When Sony first announced that it would be remaking Ghostbusters with an all-female cast, misogynist backlash and trolling hit the web almost immediately. Fanboys of the original movies who claimed their childhoods were being ruined and that women couldn't possibly be funny banded together in a sexist attempt to destroy the movie, urging people to boycott it in theaters. Since much of this reaction happened before director Paul Feig and screenwriter Katie Dippold had even sat down to write the script (sigh), it was only natural that some of that vitriol made its way into the final film — not only in a scene featuring the four Ghostbusters reacting to sexist comments on their ghost video, but in the form of the movie's main bad guy. Yes, the villain in Ghostbusters is basically the equivalent of an Internet troll.
Spoilers ahead! As played by SNL writer and sketch comedy veteran Neil Casey, the movie's antagonist, Rowan North, is a janitor who works at a hotel that is a hot spot for paranormal activity. He sets up devices around the city that release supernatural beings to terrorize and frighten its citizens, but more important than what he does is why he does it. You see, Rowan feels left out. He's been bullied his whole life, he reveals while looking in a mirror, and so now he wants to embrace the role of the bully. He rants about getting what he deserves, "showing them all," and being "afforded the dignity that I have been denied." Viewers are not really sure what exactly happened to Rowan in the past, but it's clear he thinks he deserves revenge.
Although he never mentions sex or gender explicitly, Rowan's attitude is still chillingly reminiscent of a variety of sexist communities. There are the Men's Rights Activists who feel that feminism is a stain on humanity and that men are the oppressed gender. There are the Pick Up Artists who encourage "alpha male" behavior and believe men are entitled to sex from women whenever they want. The fact that Rowan says he was bullied and is now acting out in revenge is also frighteningly similar to how violence against women — and even, rarely, mass murder — is sometimes perpetrated by men who feel that they are owed something or have been hurt at the hands of feminism.
Most of Rowan's dialogue reflects a feeling of entitlement and that of someone seeking out revenge for some past hardship. But much like the supposed oppression that trolls and MRAs feel, Rowan's hardship doesn't actually exist, at least to the extreme he makes it seem like it does. Rowan may have been bullied, of course, but that, nor being a janitor or not having a girlfriend isn't warranted cause to unleash havoc on the public or cause harm in order to get "revenge."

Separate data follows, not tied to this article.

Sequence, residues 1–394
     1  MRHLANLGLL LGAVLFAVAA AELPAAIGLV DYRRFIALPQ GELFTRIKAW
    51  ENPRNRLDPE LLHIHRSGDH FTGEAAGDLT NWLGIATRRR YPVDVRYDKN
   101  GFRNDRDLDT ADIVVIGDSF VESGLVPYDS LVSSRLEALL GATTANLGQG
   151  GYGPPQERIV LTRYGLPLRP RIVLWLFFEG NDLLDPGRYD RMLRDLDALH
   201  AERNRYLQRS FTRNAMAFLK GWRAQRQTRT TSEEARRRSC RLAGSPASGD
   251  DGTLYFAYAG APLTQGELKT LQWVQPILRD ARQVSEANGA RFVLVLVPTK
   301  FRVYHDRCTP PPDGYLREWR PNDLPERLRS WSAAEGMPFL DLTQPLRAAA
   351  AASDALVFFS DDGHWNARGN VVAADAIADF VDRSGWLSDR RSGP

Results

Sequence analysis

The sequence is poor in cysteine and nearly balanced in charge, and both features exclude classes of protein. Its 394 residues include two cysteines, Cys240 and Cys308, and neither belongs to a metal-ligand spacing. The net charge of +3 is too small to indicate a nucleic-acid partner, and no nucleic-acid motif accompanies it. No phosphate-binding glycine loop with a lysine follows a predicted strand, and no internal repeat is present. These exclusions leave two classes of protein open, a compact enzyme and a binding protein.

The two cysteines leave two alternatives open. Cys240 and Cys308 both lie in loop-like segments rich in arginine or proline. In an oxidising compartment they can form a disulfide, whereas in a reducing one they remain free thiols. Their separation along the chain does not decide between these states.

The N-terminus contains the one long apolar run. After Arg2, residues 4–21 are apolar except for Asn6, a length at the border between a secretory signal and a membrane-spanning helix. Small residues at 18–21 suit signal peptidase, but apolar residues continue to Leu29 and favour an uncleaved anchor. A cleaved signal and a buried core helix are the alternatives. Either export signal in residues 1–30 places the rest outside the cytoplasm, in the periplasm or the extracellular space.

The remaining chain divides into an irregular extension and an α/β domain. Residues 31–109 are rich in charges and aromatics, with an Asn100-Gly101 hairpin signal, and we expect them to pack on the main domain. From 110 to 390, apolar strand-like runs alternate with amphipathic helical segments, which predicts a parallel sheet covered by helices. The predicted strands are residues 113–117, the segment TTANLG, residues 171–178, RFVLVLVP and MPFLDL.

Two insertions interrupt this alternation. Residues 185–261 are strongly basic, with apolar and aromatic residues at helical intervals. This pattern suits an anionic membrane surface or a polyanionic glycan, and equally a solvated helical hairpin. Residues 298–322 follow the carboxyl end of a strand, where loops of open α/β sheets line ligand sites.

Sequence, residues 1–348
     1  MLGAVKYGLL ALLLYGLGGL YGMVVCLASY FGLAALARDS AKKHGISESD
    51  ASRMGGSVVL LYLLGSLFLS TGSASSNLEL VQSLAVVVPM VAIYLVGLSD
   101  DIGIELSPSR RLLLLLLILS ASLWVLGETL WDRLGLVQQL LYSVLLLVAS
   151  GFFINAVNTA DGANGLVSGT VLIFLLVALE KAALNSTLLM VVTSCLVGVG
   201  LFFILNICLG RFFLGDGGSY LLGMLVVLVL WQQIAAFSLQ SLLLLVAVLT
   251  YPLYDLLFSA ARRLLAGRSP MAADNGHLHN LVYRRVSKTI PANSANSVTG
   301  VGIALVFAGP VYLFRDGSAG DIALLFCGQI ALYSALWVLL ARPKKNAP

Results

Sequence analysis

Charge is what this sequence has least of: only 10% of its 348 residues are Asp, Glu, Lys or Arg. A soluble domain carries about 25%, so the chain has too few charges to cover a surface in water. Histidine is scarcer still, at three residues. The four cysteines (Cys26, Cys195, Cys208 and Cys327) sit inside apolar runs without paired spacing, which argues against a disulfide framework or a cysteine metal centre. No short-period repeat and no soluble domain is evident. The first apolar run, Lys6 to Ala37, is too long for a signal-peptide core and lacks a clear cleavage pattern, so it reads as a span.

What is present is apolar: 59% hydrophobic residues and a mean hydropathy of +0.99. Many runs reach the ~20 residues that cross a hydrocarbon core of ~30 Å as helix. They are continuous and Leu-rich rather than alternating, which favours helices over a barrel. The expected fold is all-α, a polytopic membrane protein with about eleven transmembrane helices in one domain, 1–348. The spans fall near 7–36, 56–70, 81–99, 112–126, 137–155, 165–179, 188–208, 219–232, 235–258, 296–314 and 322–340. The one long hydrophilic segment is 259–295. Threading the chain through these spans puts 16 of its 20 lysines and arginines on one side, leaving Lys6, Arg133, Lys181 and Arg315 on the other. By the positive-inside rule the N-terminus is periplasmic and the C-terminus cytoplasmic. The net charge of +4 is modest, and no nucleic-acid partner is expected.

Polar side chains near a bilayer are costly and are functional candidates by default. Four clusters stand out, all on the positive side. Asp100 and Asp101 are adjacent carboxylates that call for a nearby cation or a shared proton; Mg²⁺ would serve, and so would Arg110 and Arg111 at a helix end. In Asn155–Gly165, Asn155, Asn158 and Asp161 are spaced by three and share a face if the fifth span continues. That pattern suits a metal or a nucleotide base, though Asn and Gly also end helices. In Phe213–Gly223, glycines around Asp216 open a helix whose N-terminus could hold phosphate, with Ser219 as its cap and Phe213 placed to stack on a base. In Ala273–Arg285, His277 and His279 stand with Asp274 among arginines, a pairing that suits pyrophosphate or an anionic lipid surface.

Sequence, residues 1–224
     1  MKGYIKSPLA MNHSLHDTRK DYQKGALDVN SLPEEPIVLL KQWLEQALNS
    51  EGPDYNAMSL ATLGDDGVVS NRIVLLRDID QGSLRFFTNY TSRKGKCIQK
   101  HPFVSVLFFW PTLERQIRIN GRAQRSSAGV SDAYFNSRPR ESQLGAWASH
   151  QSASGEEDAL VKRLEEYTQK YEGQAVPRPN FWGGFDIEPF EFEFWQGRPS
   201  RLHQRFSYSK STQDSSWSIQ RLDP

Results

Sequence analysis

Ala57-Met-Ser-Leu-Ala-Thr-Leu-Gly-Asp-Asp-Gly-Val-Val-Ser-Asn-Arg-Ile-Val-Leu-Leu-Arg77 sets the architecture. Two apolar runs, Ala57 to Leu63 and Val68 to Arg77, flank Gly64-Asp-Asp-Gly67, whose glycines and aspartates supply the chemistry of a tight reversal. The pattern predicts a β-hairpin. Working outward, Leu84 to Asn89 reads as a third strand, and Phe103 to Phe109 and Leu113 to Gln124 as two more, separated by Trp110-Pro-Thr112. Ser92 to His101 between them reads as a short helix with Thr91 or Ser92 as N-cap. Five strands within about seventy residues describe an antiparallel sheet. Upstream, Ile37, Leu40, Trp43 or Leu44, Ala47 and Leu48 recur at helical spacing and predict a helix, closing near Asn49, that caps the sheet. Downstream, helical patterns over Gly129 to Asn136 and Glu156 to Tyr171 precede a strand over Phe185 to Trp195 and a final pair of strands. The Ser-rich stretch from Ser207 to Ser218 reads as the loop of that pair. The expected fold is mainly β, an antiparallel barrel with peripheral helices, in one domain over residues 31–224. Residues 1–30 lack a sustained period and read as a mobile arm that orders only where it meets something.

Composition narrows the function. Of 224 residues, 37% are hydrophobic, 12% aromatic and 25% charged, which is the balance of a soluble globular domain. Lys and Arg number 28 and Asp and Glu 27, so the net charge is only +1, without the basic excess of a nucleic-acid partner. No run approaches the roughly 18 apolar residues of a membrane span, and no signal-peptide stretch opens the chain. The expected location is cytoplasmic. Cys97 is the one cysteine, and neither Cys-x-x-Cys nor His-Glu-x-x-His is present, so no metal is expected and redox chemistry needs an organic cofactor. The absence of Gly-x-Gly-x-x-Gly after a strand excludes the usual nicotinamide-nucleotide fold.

While Rowan's hateful words and arrogant pep talks to himself don't get as violent, thankfully, as many of those in the very real sexist online communities, his character still feels like a direct response to the men who spewed sexist backlash when the Ghostbusters reboot was announced. Upon hearing the news, these "fans" downvoted the Ghostbusters trailer on YouTube until it became the most disliked in history, and now, they are giving it 1/10 ratings on IMDB — with none of them actually having seen the movie yet. These men are irrationally determined to get their revenge and bring the movie down, and their attitudes and actions are truly sad to see.
With so much controversy, it seemed inevitable that this childish crusade of these haters would somehow be addressed within the film itself, and it's really brilliant how Feig and Dippold incorporated it into the movie. At a recent post-screening Q&A I attended, hosted by the Academy of Motion Picture Arts & Sciences, Dippold was asked how the backlash affected the writing of the film, and she admitted that some of the elements of the script may have been in response to the vitriol. "I think it subconsciously made its way in. Because I hadn't even started writing when it started," she said, noting that many of these haters are now seeking out validation on the Internet for their efforts. "It's a colorful group. There's a group that truly hates women and will say the nastiest most horrible things I've heard in my entire life, that make me gasp and clutch my pearls."
Ghostbusters addresses its own sexist backlash in a number of hilarious ways. The actors reportedly improvised their comments in the scene where they read hateful comments on their Youtube videos, and, in one hilarious nod, they even aim their proton beams directly at a male ghost's crotch during battle. But Ghostbusters' biggest comment on the misogynist shrieking has got to be the creation of villain Rowan. His entitlement, arrogance, and all around horrible nature just scream MRA Internet troll. Dudes like him can scream all they want, though, because with its expected success at the box office, Ghostbusters and its female leads are clearly getting the last word.